Again, rocking a pitchfork back and forth in the area loosens the roots, and a screwdriver serves for close hand-work as a ‘trowel.’ This method helps keeps earthworms and the fungal mat underneath the surface in tact. These are the lasagna garden’s true heroes; tilling erases the board every season.

The entire system of nut grass — nobby root nodules, thin stolon connectors, tops of plants — comes up all at once and is thrown aside to be mulch-mowed as food for my preferred turf grass. In Texas, that’s St. Augustine, a great protective barrier against other competing grasses — Bermuda and Torpedo — coming into the garden space.

A quick edge with a sharp butcher knife will successfully cut any stolons at the surface. Edging done.

The Grass Smother Method – 5 Minutes

IMG_8914On areas where there is heavy foot-traffic, nut grass takes better hold. Used here are two black contractor trash bags and some T-posts and bricks for weight. In a couple of months, the bags will be removed (to get re-used later) and the area amended with more organic matter to soften.

This empty void will serve as space for pumpkin vines to sprawl. In the meantime, they will serve as an alternate path for the wheelbarrow since a tomato volunteer blocked the path from the other side of the garden. Bloom where you’re planted, Little Fella. I’ll find another way.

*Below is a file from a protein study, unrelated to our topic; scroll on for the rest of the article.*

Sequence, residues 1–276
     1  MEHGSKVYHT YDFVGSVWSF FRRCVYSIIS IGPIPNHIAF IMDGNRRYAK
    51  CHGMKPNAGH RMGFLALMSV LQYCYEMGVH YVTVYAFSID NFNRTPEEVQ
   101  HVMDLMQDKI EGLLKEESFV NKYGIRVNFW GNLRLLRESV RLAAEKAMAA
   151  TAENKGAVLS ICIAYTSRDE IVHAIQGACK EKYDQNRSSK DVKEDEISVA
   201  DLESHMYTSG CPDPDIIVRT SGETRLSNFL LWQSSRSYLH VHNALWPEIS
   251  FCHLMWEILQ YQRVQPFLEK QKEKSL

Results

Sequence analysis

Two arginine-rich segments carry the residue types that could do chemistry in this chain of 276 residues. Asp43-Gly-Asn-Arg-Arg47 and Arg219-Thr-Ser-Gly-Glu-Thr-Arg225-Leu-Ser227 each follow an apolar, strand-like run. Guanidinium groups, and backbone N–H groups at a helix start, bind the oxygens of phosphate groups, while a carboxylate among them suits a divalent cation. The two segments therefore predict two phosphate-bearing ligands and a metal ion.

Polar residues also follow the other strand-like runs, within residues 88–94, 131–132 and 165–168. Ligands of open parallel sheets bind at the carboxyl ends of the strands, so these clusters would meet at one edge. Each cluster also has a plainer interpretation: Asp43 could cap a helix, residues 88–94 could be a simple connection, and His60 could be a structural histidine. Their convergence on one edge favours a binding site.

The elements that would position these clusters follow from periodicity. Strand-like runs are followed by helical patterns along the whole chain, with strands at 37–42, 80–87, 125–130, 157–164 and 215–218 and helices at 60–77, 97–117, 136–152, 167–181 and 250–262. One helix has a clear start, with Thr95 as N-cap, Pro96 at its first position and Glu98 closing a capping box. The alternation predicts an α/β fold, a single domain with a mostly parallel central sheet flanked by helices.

Layering Stolen / Bought Materials – 30 Minutes

Green, Brown, Compost

Each bed with plants still growing in them — bell and jalapeno pepper, basil, eggplant — will get a few layers of Green-Brown-Compost.

I always run out of fresh compost mid-summer, so I bought some at the garden store. My criteria for purchase: 1) must be organic; 2) does not contain manure (as a vegan, I avoid products from factory farmed animals); and 3) does not contain peat (robbing from peatlands has other unintended environmental impact).

Vote with your dollars, folks.

From the last collection effort, plenty of green and brown in the form of grass, leaves, and shrub clippings are ready for use. Thank you, Generous Neighbors!

Eat your veggies, Little Children.
They’ll make you big and strong.

No tools needed. Just an old-fashioned butt and shoulder burn. (And to think some people pay money to do this.)

Clean-up, Hydrate and Cool-off – 10 Minutes

Forgotten Thai Basil!

It is so hot outside when the shade disappears in the morning that the only way to cool off is to stand underneath the water hose fully clothed.

Very refreshing.